Buy the Yen, Sell The Yen: A Safe Hedging ETF for Turbulent Times

The vaccine rally is giving global markets around the world a swift kick in the pants to close out an odd 2020 year. While year-end sell-offs could be looming in safe haven currencies like the Japanese yen, it’s important to have a hedging component in place via funds like the Xtrackers MSCI Japan Hedged Equity ETF (DBJP).

DBJP seeks investment results that correspond generally to the performance of the MSCI Japan US Dollar Hedged Index. The fund, using a “passive” or indexing investment approach, seeks investment results that correspond generally to the performance, of the underlying index, which is designed to track the performance of the Japanese equity market while mitigating exposure to fluctuations between the value of the U.S. dollar and the Japanese yen.

DBJP will invest at least 80% of its total assets in component securities (including depositary receipts in respect of such securities) of the underlying index. DBJP’s expense ratio comes in at 0.46%.

DBJP had a great 2019 with a gain of about 20% according to Morningstar performance numbers. Even in a forgettable 2020, the fund managed to eke out an 8% again amid COVID-19 madness.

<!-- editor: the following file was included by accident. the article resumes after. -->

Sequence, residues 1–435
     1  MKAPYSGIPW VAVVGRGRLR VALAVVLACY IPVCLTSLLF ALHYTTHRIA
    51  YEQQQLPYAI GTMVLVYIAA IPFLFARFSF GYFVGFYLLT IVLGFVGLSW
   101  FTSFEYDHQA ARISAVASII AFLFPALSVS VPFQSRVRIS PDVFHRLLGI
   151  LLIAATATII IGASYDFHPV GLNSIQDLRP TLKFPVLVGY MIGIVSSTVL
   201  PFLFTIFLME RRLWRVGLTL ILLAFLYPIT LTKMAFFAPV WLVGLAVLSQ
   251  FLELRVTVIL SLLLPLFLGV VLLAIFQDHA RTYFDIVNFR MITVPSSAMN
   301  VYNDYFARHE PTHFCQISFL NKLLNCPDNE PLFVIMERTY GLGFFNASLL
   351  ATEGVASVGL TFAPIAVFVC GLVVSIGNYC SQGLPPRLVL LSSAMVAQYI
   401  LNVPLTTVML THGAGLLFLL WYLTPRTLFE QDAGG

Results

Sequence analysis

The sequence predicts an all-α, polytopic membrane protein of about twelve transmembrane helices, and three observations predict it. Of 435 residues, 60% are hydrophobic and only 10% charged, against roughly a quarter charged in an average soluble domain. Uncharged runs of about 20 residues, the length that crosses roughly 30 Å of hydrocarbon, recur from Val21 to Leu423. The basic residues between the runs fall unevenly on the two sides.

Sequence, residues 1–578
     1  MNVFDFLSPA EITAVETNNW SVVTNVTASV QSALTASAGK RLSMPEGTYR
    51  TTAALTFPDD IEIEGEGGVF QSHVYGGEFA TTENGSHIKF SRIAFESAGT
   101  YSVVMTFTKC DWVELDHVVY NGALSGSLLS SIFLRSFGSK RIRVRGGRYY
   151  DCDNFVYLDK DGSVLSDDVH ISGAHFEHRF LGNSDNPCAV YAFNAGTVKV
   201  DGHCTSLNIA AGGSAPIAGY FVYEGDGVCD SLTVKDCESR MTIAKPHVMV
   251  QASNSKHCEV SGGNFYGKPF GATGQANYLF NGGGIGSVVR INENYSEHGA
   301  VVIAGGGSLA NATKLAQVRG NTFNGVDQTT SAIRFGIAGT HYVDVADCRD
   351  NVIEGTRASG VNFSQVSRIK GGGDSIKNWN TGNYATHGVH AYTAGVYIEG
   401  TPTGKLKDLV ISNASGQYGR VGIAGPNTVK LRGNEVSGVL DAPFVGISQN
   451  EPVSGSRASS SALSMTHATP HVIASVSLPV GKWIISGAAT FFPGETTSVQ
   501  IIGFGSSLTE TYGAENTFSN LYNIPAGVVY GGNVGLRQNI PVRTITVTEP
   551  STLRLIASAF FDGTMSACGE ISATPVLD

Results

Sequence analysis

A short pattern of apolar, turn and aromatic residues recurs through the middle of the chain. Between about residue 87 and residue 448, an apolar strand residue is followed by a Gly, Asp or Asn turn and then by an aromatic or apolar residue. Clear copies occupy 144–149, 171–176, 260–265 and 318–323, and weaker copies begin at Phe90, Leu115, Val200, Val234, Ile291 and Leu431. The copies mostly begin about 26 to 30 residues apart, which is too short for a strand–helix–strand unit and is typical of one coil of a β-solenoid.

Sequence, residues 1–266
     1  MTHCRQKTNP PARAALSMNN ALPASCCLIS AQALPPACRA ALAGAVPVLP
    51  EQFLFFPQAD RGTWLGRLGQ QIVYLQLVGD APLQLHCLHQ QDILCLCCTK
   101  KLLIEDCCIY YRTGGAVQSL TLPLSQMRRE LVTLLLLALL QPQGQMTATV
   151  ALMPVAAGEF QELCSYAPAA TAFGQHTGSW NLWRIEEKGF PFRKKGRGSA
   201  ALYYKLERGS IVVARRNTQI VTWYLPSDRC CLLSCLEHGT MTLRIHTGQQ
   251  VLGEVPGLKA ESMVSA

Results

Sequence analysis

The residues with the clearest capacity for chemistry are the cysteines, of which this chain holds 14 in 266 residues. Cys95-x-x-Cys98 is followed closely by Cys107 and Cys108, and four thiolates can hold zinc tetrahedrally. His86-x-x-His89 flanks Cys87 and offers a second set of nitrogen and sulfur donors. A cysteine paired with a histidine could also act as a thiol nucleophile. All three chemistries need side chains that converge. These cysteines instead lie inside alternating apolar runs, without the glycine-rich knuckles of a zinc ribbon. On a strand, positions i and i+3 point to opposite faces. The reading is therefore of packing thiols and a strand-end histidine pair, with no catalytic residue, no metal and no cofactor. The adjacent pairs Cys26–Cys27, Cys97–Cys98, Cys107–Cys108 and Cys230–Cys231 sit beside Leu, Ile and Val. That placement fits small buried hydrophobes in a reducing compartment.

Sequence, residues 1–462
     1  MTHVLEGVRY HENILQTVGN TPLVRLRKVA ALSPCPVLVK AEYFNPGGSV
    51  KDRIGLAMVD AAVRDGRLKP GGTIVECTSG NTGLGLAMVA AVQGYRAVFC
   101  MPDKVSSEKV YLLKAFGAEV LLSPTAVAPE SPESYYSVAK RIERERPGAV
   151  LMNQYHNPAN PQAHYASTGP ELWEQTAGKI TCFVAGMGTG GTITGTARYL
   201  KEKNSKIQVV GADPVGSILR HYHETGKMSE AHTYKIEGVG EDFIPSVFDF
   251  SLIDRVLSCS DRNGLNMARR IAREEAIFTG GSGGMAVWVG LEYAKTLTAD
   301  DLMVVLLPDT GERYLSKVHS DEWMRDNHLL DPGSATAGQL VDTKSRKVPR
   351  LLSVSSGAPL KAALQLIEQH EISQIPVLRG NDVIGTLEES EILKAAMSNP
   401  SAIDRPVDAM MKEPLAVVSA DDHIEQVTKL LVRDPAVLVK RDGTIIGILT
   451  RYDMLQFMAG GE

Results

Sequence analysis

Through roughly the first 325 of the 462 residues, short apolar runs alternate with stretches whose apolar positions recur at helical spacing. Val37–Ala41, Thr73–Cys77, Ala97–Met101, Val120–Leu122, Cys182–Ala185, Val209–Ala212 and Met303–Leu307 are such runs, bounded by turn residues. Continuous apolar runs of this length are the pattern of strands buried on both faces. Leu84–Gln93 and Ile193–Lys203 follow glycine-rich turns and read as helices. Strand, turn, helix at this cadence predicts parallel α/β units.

Looking at its relative strength index (RSI), the fund is already in oversold territory, which means year-end selling could be ahead. This is where having that currency hedging component provides a safety net should Japanese equity selling take place amid rising coronavirus cases.

DBJP Chart

The yen was one of the safe haven currencies amid the pandemic sell-offs earlier this year. Currency investors saw it as the gold equivalent of foreign exchange markets, but there are signs of selling that could be ahead.

“Safe-haven assets such as the yen came under pressure from the positive news of the first promising COVID-19 vaccine candidates,” an FX Street article noted. “This has increased the likelihood of an end to the pandemic in 2021, with positive implications for the global economic outlook. In this environment, demand for safe-haven assets such as the yen typically suffers. We therefore expect the yen to continue its longer-term downtrend against the euro (which began in June) in the coming months. In the event of setbacks in the fight against the pandemic, the yen could temporarily strengthen against the euro.”

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